Talk Pretty to Me

Hi, Boomers,

I was musing the other day about the power of words. Most of us talk and talk and talk and it becomes an unconscious stream of, well, our unconscious mind. But words are, indeed, a powerful force in our universe. We can use them for good or for evil.
When I attended the Keynote Speaker’s Conference in January sponsored by the National Speakers Association, I heard a woman speak on the importance of how we use words when we communicate. This terrific speaker elevated word usage to an art form. I was completely involved in her insights into how the use of a different words can alter the tone and style of a speech, a meeting, a gathering, a dialogue between two people. Her reference for precision about how words are chosen was specifically directed to business management and management styles in corporations. Those of use who have worked for companies are particularly sensitive to the nuances of word choices in difficult workplace situations. And those of use who have lost friends with our unconscious responses know the consequences the unintended remarks will produce. I lost a friend because I didn’t choose my words carefully enough, although I think that girlfriend was looking for a reason to get me out of her life.
In my profession as a yoga instructor, I am choosing words in every class to describe physical positions as well as spiritual intent. I have to be perfectly present to do this kind of teaching. After class, I want down time. I’m not inclined to carry on conversations at length between classes. So I was particularly interested in an article on mindful communication that I just read in the latest Yoga Journal. The article suggested that when and if a person wants to speak, the following questions might be considered: (1) Will you tell the truth? (2) Will you be kind? (3) Is it necessary?
I’m a writer and on paper I choose my words carefully, or at least I try to be mindful that written communication sends out as much energy into the universe as does spoken language.
Before we speak or write it is necessary to have clarity of thought – a clear mind – and clear intention. This concept of clarity of mind and intention allows us to draw deeper into the best of our being and communicate with an open heart. Conscious communication sends out powerful energy into the universe. Truthful communication draws listeners closer to the source of those who speak the truth.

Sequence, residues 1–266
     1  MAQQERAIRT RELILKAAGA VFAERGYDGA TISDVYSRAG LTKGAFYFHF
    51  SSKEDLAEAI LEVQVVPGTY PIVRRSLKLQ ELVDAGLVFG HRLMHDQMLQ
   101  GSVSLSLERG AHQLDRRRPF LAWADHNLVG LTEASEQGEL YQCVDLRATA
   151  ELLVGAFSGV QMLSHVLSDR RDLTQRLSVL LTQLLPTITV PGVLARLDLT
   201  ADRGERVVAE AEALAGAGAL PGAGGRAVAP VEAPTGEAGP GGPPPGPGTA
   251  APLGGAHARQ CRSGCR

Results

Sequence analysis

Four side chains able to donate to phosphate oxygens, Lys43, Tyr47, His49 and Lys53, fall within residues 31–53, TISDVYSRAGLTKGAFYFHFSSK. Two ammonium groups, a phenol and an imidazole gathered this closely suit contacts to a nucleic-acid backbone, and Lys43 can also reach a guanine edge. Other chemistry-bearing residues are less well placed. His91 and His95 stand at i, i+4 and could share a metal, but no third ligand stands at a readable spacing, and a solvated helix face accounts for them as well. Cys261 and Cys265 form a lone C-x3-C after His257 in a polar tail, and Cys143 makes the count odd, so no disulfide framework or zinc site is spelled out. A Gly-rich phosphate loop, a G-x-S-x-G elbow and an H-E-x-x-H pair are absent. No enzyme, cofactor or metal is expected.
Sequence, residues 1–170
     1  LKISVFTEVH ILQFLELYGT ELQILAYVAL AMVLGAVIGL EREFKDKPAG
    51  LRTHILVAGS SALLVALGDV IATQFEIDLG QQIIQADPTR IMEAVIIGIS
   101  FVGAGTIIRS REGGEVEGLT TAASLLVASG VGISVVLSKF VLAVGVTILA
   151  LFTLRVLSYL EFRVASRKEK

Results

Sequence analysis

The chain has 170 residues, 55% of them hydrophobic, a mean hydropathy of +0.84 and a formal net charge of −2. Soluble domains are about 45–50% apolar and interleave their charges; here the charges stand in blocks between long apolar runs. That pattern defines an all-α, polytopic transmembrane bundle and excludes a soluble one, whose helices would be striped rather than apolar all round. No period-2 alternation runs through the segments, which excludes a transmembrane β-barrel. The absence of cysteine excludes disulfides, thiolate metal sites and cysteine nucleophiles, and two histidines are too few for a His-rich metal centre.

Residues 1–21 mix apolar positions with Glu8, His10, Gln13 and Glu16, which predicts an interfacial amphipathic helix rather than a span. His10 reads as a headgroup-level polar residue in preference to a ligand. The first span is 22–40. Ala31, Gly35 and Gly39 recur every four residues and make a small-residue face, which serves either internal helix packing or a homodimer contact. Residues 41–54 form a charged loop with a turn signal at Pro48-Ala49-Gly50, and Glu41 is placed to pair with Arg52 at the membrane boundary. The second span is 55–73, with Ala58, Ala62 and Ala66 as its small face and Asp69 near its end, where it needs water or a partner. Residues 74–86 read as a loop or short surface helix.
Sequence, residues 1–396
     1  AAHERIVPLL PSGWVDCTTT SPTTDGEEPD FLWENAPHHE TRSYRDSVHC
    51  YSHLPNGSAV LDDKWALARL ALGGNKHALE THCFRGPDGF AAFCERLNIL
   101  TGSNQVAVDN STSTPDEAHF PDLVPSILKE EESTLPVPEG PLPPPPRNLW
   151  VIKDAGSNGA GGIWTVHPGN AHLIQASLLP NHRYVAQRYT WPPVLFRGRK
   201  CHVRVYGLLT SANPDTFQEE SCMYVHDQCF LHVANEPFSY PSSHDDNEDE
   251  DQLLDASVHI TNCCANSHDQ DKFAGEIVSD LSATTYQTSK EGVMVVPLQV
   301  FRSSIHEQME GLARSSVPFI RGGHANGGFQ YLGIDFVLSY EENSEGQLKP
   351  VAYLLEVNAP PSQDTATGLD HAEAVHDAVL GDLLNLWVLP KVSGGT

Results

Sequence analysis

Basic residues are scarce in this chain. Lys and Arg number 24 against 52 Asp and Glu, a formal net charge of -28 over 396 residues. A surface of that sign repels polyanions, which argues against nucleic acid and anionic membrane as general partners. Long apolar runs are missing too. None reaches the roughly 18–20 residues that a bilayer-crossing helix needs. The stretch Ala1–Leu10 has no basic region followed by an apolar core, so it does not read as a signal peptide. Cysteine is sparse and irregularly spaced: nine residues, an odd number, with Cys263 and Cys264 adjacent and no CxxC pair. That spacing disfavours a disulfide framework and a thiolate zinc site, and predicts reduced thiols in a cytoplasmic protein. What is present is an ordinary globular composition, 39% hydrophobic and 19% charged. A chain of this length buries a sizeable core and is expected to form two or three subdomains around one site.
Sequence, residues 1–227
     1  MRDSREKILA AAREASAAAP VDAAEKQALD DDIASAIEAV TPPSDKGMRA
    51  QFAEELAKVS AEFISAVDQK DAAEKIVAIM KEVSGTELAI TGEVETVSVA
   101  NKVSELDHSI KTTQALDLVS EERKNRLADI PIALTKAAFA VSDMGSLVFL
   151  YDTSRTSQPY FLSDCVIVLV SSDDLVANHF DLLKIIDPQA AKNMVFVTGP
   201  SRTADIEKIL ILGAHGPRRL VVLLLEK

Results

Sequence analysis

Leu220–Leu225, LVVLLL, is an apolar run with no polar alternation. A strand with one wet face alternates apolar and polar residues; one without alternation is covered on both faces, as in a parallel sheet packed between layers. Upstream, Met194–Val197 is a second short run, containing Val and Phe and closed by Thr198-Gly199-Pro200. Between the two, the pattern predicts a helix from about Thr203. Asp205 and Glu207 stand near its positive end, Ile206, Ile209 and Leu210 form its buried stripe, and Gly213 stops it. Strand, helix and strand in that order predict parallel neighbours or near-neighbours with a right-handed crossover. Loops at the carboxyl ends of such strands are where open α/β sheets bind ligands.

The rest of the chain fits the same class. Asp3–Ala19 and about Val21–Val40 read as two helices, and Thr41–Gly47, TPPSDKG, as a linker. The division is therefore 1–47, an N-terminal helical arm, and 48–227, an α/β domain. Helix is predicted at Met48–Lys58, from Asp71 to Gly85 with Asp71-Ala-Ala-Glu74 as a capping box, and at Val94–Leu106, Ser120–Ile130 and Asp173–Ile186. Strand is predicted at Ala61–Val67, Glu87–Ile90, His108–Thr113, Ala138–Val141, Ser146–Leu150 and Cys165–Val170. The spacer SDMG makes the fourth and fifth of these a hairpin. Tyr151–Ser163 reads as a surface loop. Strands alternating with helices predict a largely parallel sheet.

Have you ever walked into an empty room and felt a residual energy? Or walked into a room where no one was talking and felt a collective positive energy/or negative energy? Mindful communication fills a space with truth, kindness, and purpose. It’s an awesome concept to contemplate, and it’s a challenging practice to aspire to as communicators. Good communicators are honest and believable and others will gravitate toward their energy and try to catch some of it for themselves.
I’m certainly not the greatest writer on the planet by far, but when I wrote my memoir, Sixty, Sex, & Tango, Confessions of a Beatnik Boomer, I went through the book with my B.S. detector because honesty was the most important ingredient for writing a confessional. And I literally had to question my honesty at almost every turn of phrase. It was exhausting and exciting at the same time because I was able to expose my vulnerability all the way through the book. As a result, readers have told me frequently that reading my book was like sitting in a room with me and listening to me talk an expose my foibles and mistakes and do it with my customary self-deprecating humor. So my book was truthful, I hope, and mostly kind, but whether it was necessary or not, well, that’s up to the public.
Mindful communication is one of those things in life that you really have to practice and pay attention to, and it requires a whole lot of consciousness raising. Lapsing into unconscious responses without clear intention and thought will always get you into trouble. It’s really better to talk pretty to each other and our connections will be the stronger for it.
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